Next Gen Access deployment

Roland Montagne

Roland Montagne

Head of the Telecoms Business Unit at IDATE

 

Measuring costs for each EU-27 member state to reach the Digital Agenda in Europe

 
In May 2010, the European Commission adopted its Digital Agenda policy programme. It was one of the first flagship initiatives of the EU 2020 strategy. It sets ambitious targets to provide all European households with ubiquitous coverage of 30 Mbps as a minimum and half of them with a subscription of 100 Mbps by 2020. IDATE has published recently a report providing different possible cost scenarios – with a breakdown by technology and by population density (urban, peri-urban, rural).

Today, some voices are raising concerns that the goals of the Digital Agenda (DA) will not be reached in many Member States as the necessary expenditure is beyond reach, especially in the current European economic situation. This is why this report focuses in particular on the cost of the Digital Agenda in reaching the ambitious goal of coverage of 30 Mbps and 100 Mbps, and further tries to clarify, per country, what it will be. It puts forward a theoretical model with the distinction of various scenarios involving distinct technologies, namely fixed and wireless.

"In several European countries, the rollout of FTTH networks has started and the European Union disposes already of a 40% NGA net coverage amongst all its member states. Indeed, copper local loop will ultimately be replaced by fibre, it being the medium that can guarantee an almost infinite bandwidth capacity for the future. Nevertheless, good quality copper, especially in Western Europe, and the current economic situation, could lead some telcos to consider other alternative scenarios involving VDSL, LTE or even satellite in Ka band", says Roland Montagne, Director of the Telecom Business Unit at IDATE. He adds: "The adoption of a FTTH-oriented scenario by telcos will not only depend on the amount of capex necessary but also on a viable business model. On this, telcos should be innovative not only with the services they propose but also on their pricing approach (tiered pricing) and their strategy regarding smart access."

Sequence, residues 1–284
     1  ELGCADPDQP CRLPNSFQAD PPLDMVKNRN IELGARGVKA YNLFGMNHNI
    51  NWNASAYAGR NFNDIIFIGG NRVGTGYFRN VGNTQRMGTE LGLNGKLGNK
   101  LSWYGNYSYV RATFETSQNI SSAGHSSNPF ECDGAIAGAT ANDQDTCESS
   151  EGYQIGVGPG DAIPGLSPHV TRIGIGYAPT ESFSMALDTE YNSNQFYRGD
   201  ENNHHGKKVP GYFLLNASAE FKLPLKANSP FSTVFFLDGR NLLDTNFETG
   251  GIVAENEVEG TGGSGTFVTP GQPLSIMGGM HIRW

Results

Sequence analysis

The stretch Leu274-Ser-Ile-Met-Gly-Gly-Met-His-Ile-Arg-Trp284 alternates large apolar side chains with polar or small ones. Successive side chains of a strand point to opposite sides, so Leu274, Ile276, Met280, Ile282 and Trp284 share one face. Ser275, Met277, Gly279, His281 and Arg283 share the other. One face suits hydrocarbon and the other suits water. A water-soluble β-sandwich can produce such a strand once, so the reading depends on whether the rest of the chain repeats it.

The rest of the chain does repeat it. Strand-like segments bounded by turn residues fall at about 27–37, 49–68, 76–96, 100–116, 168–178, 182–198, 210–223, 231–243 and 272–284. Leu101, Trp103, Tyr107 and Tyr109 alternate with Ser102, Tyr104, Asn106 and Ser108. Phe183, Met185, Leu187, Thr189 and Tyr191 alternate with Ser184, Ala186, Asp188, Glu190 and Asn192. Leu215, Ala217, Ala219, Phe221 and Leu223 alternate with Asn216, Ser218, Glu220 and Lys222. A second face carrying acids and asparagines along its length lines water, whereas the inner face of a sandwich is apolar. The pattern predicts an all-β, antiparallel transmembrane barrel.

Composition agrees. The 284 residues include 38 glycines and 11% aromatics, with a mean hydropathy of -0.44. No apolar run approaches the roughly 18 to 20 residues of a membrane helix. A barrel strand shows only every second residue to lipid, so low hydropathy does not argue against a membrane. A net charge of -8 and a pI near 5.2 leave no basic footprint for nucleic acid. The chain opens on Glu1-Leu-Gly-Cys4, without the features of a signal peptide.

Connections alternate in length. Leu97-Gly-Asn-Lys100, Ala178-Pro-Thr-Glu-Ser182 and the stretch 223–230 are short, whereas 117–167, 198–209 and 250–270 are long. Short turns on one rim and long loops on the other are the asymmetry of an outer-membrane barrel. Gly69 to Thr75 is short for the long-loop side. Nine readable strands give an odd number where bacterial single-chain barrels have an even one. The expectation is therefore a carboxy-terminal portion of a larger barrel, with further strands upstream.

Deployment costs by scenario

  • Four scenarios in different constellations have been modelled, including a full FTTH/B coverage scenario. Depending on the mix of technologies deployed, these scenarios will cost between 51 billion EUR and 229 billion EUR.
  • These amounts, whilst certainly substantial, are within the expected range and therefore come as a confirmation of the ambitious nature of the broadband objectives of the DAE.


*50% uptake
NOTE: Scenario names are chosen to reflect main technological characteristics, but do not express a preference for any given
technology to reach the broadband objectives of the Digital Agenda.
90% FTTH/B = 90% FTTH/B only + 10% LTE
Base case = FTTH/B+FTTLA+VDSL2+LTE
Vectoring = FTTH/B+FTTLA+VDSL Vectoring+VDSL2+LTE)
Wireless = LTE+FTTH/B

NGA Costs model